White Star Line Disasters—The Titanic Was Just the Tip of the Iceberg
The White Star Line
Would you be willing to sail on a ship run by a company with more than one major peace-time disaster to their name? What about a company with a record of mishaps spanning decades before the Big One? The White Star Line had such a record. That did not stop people from booking onto their ships to sail the seas. It's almost unimaginable now that discerning travellers would overlook such disasters, but they did in droves, and the company prospered.
Sailing the seas was always a risk. Booking a passage in the golden age of steam was no exception. Here is just a small taste of some of White Star's less well-known accidents, mishaps, and sinkings. This includes another flagship hit by an iceberg, and a navigation disaster that led to one of their other ships sinking on her maiden voyage, and that's just the tip of the iceberg.
RMS Tayleur - 1854
The RMS Tayleur was the flagship of the fledgling White Star Line. They had purchased four ships in order to begin service to Australia to take advantage of the gold rush, and increased immigration.
For her time the Tayleur was considered state of the art. She had an iron hull, at a time most ships were constructed with wooden hulls, and was three decks high with three masts. The White Star Line was keen to get her into service and start making a profit, with disastrous consequences.
Iron hulled ships were a new innovation. Brunel's Great Britan had forged the way, and the Tayleur was larger than the Great Britain. Iron hulled ships also interfered with compasses. A compass on board a ship made of iron needed to be adjusted to take into account the interference from the iron. In their rush to get her into service the compass was left unadjusted.
She departed from Liverpool on the 19th of January 1854 on her maiden voyage. The crew believed that they were travelling south through the Irish Sea, instead they were travelling west toward Ireland itself. 48 hours later they found themselves in fog and a storm, and were heading straight for the island of Lambay. Further deepening their troubles, their rigging had not been tightened correctly, and the rudder did not respond as it should, because it was too small.
In the storm and high seas they hit rocks, and from then on the 652 passengers and crew were in dire danger. The high seas made evacuating the ship difficult and many of the people who survived only did so because of a collapsed mast, which they were able to shimmy along to get to land. Then the survivors were faced with a sheer 80 foot cliff in order to get to safety and shelter.
All told 380 people lost their lives that night.
A ship, innovative for her time, and a navigation error causing her to be sunk. It doesn't take much imagination to guess what other White Star Line disaster the Tayleur has been most often compared.
SS Royal Standard - Flagship Hits an Iceberg
By 1863 the White Star Line had different owners, and was ready to take the next step in ensuring they had the most up to date ships. The Royal Standard was commissioned and became The White Star Line's first steam propelled ship. She was 2,000 tons and had a screw propeller. In keeping with their company policy their flagship would be taking the Australia route in order to capitalise on the gold rush, and wool exports.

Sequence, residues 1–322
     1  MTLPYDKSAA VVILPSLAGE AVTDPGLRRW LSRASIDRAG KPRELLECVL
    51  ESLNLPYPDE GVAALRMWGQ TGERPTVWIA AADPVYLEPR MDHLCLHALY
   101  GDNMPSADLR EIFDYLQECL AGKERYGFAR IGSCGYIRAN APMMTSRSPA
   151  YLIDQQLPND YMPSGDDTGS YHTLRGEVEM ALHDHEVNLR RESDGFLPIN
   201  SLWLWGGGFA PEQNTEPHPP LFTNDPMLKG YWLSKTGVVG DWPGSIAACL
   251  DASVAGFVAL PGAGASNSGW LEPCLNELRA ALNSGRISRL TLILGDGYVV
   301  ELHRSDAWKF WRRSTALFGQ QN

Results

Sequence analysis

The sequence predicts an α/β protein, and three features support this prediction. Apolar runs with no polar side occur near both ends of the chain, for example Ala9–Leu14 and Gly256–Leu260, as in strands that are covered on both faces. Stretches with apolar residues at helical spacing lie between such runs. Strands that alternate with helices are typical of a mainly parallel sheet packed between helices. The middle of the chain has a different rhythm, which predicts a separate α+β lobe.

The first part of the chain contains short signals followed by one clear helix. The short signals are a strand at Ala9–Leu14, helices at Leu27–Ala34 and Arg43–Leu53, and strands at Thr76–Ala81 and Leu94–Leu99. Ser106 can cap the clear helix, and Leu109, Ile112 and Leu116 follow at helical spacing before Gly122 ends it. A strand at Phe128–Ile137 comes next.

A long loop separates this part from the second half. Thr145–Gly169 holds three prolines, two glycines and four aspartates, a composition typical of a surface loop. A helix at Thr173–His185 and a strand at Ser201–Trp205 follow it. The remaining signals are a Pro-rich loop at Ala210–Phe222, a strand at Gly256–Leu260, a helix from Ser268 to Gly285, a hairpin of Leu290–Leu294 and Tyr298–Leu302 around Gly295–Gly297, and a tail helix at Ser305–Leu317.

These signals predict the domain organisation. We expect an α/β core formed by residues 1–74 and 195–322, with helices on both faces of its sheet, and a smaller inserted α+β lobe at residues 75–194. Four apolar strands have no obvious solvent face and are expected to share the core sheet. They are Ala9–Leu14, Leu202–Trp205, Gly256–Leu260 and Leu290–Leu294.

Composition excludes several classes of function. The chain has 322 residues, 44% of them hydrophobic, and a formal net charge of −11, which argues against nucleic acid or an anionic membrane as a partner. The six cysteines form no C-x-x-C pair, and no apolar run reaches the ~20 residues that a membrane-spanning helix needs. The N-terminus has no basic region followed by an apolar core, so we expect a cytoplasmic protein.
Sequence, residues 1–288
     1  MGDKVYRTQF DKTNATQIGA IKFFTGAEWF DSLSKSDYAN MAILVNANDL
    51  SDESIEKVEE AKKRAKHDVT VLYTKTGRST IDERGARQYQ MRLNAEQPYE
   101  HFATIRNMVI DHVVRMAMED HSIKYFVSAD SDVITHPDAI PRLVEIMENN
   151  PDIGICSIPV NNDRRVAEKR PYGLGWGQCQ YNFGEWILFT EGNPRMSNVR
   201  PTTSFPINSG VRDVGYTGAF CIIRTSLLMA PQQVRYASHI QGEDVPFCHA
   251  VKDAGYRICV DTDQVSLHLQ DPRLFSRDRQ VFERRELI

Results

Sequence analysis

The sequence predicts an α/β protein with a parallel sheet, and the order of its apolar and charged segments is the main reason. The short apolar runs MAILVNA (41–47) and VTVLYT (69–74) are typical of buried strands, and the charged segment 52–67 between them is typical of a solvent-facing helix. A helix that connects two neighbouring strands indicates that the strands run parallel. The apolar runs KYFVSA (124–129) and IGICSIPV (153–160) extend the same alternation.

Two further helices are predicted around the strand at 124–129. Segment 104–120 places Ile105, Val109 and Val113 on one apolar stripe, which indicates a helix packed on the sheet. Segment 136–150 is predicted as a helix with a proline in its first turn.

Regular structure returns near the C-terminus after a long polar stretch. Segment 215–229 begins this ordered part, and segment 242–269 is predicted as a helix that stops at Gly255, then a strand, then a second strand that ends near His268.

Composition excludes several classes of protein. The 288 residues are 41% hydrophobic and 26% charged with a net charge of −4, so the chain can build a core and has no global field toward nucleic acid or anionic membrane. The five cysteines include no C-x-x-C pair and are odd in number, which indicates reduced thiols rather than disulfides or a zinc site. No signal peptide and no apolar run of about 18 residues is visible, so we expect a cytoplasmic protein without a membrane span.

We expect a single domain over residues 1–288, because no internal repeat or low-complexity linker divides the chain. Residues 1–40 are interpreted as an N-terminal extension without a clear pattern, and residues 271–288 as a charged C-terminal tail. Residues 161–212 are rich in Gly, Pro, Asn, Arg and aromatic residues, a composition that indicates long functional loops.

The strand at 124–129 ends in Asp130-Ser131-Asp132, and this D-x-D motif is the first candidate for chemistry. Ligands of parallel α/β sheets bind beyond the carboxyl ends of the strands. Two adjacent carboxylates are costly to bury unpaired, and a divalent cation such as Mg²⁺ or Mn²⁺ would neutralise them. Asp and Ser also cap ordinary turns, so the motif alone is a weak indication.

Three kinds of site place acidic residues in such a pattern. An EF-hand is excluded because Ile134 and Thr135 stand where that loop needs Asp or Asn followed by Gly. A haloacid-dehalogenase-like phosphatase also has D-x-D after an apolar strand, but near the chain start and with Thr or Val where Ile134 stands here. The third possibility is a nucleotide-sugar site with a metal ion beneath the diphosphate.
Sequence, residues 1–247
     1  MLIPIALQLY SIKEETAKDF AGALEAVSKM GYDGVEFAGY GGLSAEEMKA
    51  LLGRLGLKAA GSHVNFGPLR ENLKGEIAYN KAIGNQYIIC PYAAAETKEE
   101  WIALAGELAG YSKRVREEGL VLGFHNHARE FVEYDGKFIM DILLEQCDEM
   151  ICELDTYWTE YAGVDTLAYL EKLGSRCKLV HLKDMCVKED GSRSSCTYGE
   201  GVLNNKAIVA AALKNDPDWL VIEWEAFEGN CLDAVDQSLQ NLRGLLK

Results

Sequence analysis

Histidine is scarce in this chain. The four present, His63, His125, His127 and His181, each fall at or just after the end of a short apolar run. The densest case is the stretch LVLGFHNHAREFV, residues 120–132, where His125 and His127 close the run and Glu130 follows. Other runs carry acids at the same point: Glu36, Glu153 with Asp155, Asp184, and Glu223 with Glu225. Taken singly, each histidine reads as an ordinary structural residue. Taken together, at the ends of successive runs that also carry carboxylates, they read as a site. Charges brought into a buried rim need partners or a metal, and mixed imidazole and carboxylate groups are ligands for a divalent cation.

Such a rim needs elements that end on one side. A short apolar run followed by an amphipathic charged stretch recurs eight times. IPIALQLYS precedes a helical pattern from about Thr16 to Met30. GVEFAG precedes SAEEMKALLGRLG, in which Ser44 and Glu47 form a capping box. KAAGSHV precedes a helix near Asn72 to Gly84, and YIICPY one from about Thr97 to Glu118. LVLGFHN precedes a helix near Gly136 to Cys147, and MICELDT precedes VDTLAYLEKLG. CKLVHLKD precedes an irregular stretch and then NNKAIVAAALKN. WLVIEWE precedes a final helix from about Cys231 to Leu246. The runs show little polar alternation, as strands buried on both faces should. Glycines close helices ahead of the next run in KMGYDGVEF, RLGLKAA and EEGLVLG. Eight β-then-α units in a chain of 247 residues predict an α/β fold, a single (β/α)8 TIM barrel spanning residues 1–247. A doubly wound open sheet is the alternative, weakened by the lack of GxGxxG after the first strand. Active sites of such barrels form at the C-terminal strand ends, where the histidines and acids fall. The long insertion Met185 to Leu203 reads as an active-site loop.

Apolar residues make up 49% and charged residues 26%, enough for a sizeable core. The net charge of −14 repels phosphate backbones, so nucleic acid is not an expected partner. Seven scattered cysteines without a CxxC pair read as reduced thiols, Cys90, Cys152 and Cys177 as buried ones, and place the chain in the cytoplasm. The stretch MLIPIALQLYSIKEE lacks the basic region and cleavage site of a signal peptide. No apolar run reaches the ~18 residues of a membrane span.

Her maiden voyage to Melbourne went smoothly enough, with the sad exception of the death of her captain. They unloaded passengers and loaded up on supplies and began the return journey by way of the Cape Horn.
On 4th April 1864 they found themselves in trouble. Captain G.H Dowell wrote to the owners:
"..at the same moment the lookout sang out, "Broken water ahead". The next moment someone saw an iceberg close under the starboard bow...The sea gradually settled her down upon it...thus bringing the yards in contact with the berg several times, bringing down massive amounts of ice onto the deck."
Captain Dowell did better than his Titanic counterpart. The ship was damaged, but they were able to get her into Rio de Janeiro for repairs. They were lucky that only the spars and rigging were damaged in their encounter.
The Royal Standard was eventually converted back to a sailing ship, because the 2 cylinder engine was underpowered and clippers with only sail power could overtake her. She was eventually wrecked in 1869 near the coast of Brazil.
RMS Atlantic - 1873: The Worst Peacetime Disaster of its Kind
By 1873 the White Star Line had yet another set of owners, the Oceanic Steam Navigation Company, owned by Bruce Ismay's father Thomas Henry Ismay. The RMS Atlantic was the second of four steamers ordered to take advantage of the lucrative north Atlantic route, and built at the yards of Harland & Wolff who would eventually also build the Titanic.
Her 19th voyage commenced on March 20, 1873 from Liverpool. There were 952 people on board, 835 of them passengers. The voyage was not smooth, and the Atlantic was fighting storms almost the whole passage. The weather was so bad that Captain James Williams was concerned about his coal stocks, and as they approached the coast he decided to divert to Halifax to take on more fuel.
During the approach they encountered another terrible storm, and the Atlantic battled against it. On the evening of March 31, the ship was unbeknowest to the master, almost 12 1/2 miles off course. Instead of reaching their destination the ship settled onto a known reef, called Marr's Head, at 2am, and the ship began to sink.
The crew had no choice but to abandon ship. Lifeboats were lowered, but were washed away. Land was 50m away on Meagher's Island, Nova Scotia, but it was almost impossible to cross just that small distance because of the storm.